Training is an asynchronous process. It might not be finished even after the TrainPersonGroupAsync method returns. You might need to query the training status. Use the PersonGroup - Get Training Status API or GetPersonGroupTrainingStatusAsync method of the client library. The following code demonstrates a simple logic of waiting for PersonGroup training to finish:

TrainingStatus trainingStatus = null;
while(true)
{
    trainingStatus = await faceClient.PersonGroup.GetTrainingStatusAsync(personGroupId);
 
    if (trainingStatus.Status != TrainingStatusType.Running)
    {
        break;
    }
 
    await Task.Delay(1000);
} 

Step 4: Identify a face against a defined PersonGroup

When the Face API performs identifications, it computes the similarity of a test face among all the faces within a group. It returns the most comparable persons for the testing face. This process is done through the Face - Identify API or the IdentifyAsync method of the client library.

The testing face must be detected by using the previous steps. Then the face ID is passed to the identification API as a second argument. Multiple face IDs can be identified at once. The result contains all the identified results. By default, the identification process returns only one person that matches the test face best. If you prefer, specify the optional parameter maxNumOfCandidatesReturned to let the identification process return more candidates.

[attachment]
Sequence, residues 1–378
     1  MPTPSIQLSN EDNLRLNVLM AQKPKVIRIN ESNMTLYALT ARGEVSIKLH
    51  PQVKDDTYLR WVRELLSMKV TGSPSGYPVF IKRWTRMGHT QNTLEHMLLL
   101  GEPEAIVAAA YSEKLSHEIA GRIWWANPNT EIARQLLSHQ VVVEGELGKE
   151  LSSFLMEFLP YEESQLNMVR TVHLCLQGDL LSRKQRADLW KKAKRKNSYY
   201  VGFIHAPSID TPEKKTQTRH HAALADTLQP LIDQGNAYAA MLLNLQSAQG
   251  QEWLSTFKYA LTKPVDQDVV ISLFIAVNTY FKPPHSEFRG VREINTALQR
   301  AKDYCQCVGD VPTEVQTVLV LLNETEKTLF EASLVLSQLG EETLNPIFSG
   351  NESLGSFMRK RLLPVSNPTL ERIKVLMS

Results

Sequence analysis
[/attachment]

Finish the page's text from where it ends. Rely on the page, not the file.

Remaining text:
The following code demonstrates the identification process:

string testImageFile = @"D:\Pictures\test_img1.jpg";

using (Stream s = File.OpenRead(testImageFile))
{
    var faces = await faceClient.Face.DetectAsync(s);
    var faceIds = faces.Select(face => face.FaceId).ToArray();
 
    var results = await faceClient.Face.IdentifyAsync(faceIds, personGroupId);
    foreach (var identifyResult in results)
    {
        Console.WriteLine("Result of face: {0}", identifyResult.FaceId);
        if (identifyResult.Candidates.Length == 0)
        {
            Console.WriteLine("No one identified");
        }
        else
        {
            // Get top 1 among all candidates returned
            var candidateId = identifyResult.Candidates[0].PersonId;
            var person = await faceClient.PersonGroupPerson.GetAsync(personGroupId, candidateId);
            Console.WriteLine("Identified as {0}", person.Name);
        }
    }
}

After you finish the steps, try to identify different faces. See if the faces of Anna, Bill, or Clare can be correctly identified according to the images uploaded for face detection. See the following examples:

Identify different faces

Step 5: Request for large scale

A PersonGroup can hold up to 10,000 persons based on the previous design limitation. For more information about up to million-scale scenarios, see How to use the large-scale feature.

Summary

In this guide, you learned the process of creating a PersonGroup and identifying a person. The following features were explained and demonstrated: